TEDx Magda.. tee hee

9 04 2011

For some odd reason they didn’t want to change the name of the event… odd…  Just kidding :D..

I will write later, but I thought I would post my ‘speech’ for those who were interested but unable to make it 🙂  The truth is I didn’t really follow my script and I can’t really tell you how far off of the ‘reservation’ I went until I see the video.  But here’s hoping it was good.  There was a lot of really good positive feed back, and I had a great time.  I’m heading out to see some people, but here is what I wrote.   http://tedxmonga.com/en/tedxmonga-ii

A few months back I lost my voice, not for a day or two, it lasted almost a full week.  And as anyone who knows me could tell you, this was a personal disaster.   It was also a potentially professional one as well.    As a teacher this was an especially difficult and challenging situation to face.  Imagine if you will, that your livelihood depended on your being able, to not only express ideas, but to also expand on them, to interact and communicate in a deep way with others.  Suddenly conventional methods are no longer available.  What do you do?

I could have done what most people suggested and just stayed home, but that didn’t seem quite right to me.  I genuinely believe in innovation and creativity in Education.

And that is why I am here today. In spite of how exciting a story of a mute teacher might be, I want to tell you about what we can accomplish with a little creativity, even in a seemingly rigid environment.

Asia has a very strict and busy education system. It’s extremely competitive over here, and to be successful many feel you must be the best.  To be the best you must work harder and longer than the other millions of people that you are competing with.  It’s a tall order and as a result students are loaded up with hour upon hour of assignments, homework, and extra classes.  It can start in kindergarten and the pressure, classes, and extra homework continues to increase over the years.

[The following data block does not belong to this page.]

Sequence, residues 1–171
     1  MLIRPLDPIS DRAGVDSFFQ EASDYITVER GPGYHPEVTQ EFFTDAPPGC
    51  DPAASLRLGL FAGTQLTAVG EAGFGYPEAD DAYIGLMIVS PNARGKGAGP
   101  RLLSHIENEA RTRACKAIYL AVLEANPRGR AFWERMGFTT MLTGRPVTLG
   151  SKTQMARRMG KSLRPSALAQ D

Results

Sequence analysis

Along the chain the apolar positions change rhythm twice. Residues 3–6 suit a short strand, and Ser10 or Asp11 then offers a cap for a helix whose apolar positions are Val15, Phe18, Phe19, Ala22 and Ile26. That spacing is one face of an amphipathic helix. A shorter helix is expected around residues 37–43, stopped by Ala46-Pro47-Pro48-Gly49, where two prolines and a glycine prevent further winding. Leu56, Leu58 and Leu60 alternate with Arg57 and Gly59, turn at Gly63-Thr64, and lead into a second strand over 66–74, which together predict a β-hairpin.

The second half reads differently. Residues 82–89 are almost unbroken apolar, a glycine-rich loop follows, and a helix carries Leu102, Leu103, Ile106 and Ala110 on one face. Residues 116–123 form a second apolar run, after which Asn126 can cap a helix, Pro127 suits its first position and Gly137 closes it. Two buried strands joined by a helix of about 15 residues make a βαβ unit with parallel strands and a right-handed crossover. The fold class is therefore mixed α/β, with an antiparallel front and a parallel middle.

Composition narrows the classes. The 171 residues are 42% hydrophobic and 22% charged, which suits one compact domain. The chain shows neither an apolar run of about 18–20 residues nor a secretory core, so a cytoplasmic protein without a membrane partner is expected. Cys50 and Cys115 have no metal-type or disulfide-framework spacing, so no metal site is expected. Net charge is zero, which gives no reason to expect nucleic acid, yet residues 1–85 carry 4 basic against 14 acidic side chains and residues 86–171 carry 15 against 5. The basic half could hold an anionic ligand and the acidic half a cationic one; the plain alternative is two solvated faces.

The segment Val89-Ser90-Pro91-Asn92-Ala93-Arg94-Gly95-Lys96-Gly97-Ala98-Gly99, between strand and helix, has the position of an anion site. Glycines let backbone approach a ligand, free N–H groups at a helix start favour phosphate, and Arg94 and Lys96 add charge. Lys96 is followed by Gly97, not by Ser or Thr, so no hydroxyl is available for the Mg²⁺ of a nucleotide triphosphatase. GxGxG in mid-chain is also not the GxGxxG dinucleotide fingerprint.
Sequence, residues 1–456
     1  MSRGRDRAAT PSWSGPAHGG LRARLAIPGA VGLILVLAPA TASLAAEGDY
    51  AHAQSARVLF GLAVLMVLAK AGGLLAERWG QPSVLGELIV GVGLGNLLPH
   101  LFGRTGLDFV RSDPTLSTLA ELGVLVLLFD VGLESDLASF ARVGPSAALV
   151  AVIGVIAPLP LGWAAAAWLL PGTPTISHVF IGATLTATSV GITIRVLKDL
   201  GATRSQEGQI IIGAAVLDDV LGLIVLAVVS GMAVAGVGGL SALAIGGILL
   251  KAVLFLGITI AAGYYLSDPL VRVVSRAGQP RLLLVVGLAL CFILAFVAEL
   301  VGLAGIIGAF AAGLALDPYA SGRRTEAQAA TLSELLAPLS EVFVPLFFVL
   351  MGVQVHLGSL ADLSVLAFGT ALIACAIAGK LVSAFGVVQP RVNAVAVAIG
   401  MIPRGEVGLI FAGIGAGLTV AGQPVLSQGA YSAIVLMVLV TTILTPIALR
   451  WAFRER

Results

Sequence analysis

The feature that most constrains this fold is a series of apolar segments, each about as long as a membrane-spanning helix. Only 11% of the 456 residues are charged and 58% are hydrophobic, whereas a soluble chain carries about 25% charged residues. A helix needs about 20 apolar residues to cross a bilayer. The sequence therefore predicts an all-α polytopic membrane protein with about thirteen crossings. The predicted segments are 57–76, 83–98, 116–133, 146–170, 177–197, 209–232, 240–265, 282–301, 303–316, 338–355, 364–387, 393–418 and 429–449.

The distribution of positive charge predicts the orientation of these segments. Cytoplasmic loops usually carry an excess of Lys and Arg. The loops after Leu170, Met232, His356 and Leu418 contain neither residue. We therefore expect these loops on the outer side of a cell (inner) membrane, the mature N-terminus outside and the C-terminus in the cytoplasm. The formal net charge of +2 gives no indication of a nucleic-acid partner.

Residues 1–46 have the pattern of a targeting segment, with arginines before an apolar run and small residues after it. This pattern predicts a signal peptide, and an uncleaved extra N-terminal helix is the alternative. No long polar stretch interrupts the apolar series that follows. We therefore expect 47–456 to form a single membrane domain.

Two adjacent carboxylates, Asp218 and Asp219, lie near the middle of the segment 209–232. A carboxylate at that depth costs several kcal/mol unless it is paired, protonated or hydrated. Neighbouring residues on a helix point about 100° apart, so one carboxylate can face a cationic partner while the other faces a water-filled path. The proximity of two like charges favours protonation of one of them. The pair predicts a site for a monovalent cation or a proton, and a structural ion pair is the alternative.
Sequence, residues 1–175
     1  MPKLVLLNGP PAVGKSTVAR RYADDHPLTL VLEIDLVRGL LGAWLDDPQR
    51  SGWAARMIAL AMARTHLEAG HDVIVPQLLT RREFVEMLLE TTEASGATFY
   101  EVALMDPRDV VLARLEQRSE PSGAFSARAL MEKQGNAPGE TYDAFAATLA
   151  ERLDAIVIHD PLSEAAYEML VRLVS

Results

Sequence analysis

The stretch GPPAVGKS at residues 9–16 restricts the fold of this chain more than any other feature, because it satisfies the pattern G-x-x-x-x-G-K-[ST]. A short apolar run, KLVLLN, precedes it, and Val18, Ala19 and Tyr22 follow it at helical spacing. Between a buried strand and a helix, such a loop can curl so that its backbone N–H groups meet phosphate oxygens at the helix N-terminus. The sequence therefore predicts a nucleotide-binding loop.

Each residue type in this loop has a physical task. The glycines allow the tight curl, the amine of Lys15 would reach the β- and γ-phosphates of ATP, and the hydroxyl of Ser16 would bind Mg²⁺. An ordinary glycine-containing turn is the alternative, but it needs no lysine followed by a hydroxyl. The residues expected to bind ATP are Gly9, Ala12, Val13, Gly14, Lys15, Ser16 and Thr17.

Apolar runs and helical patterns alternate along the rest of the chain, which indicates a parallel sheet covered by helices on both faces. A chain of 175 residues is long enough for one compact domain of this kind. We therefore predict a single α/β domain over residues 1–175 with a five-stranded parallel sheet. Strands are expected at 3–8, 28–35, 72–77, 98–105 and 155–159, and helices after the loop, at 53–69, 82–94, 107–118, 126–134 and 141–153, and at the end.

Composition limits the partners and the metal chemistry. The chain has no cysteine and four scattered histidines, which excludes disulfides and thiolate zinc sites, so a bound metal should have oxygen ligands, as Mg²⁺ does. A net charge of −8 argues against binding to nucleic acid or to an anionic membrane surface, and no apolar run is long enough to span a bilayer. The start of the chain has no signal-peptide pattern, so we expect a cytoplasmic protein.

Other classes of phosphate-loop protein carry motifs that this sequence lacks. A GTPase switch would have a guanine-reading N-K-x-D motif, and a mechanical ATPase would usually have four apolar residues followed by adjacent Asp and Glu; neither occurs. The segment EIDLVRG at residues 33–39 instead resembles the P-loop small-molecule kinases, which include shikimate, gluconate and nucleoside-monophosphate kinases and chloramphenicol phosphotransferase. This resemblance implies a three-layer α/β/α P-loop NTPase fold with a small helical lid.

Kids here don’t often have much of a chance to be kids, at least in the minds of many who are observing and coming from a different background.  Speaking for myself, I never had to do 6 hours of homework after class, not even in senior high school when prepping for university.  I remember many a happy afternoon spent pouring over books, playing games and just generally relaxing and having fun.

So with all of this pressure and competition, is there any wiggle room for fun and new ideas?  In the past I have frequently been told by many an educator, and administrator there isn’t.   And I have always felt that that is pure and unadulterated garbage.  There is always another way.  So a few years ago I took matters into my own hands, I ignored the negative Nancy’s who told me that Taiwanese parents would never let their kids play games and just have fun;  That there must be tests and homework, writing assignments etc to prove the value and worth of any form of education. I started talking to kids and parents about something new, something different.  A way to study and learn that wasn’t about writing the same thing 1000 times, doing drills, or any other boring form of study.

So where did this all come from?  Honestly, I regularly play board games with my friends and on some level I wanted to find a way to bring my play to work. While playing, I learn and practice things about history, science, new vocabulary, math skills, and the psychology of others, critical thinking and problem solving.  And I do this all on my own time, for fun.   Sounds like work, doesn’t it?  Well it is, and it’s not.

Games have built in reward systems; there are points, achievements, constant progression and movement toward goals throughout the games.  They are riddled with puzzles and problems to solve both big and small, every success is marked and noted.   This all got me thinking, what if there was a way to use this great device to help bring a little fun and excitement into the educational lives of my students.  So I decided to just start using board games, as a learning tool.